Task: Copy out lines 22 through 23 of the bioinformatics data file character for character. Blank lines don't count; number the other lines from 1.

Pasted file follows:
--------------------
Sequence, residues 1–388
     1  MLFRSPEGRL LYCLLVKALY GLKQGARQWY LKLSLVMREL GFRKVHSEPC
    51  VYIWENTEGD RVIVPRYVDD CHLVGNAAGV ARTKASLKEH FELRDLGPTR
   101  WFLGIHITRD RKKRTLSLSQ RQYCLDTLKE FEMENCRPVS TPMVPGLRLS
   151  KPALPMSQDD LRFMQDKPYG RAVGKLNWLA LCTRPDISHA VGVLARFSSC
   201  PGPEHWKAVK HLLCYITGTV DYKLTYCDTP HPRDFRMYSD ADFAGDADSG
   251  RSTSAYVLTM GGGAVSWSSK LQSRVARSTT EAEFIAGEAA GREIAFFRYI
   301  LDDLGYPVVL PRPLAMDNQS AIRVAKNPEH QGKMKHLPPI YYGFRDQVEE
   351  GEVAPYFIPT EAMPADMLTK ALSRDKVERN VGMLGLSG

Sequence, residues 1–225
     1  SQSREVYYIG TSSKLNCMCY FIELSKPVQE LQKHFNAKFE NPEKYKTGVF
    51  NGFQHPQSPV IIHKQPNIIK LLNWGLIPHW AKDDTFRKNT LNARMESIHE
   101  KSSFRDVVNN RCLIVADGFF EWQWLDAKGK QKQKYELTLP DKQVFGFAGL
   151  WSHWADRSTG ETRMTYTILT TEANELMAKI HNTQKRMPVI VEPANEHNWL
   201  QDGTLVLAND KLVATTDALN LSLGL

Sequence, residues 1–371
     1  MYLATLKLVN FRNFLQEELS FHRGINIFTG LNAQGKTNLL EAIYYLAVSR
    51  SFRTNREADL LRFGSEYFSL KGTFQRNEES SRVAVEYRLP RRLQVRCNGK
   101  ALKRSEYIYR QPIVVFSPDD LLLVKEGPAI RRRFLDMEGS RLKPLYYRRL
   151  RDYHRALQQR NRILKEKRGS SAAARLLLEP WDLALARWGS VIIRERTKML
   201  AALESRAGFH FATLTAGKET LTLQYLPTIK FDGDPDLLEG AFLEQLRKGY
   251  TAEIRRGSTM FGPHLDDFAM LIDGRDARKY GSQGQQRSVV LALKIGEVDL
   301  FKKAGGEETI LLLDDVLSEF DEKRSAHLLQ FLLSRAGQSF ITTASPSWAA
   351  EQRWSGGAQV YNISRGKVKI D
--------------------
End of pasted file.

   251  TAEIRRGSTM FGPHLDDFAM LIDGRDARKY GSQGQQRSVV LALKIGEVDL
   301  FKKAGGEETI LLLDDVLSEF DEKRSAHLLQ FLLSRAGQSF ITTASPSWAA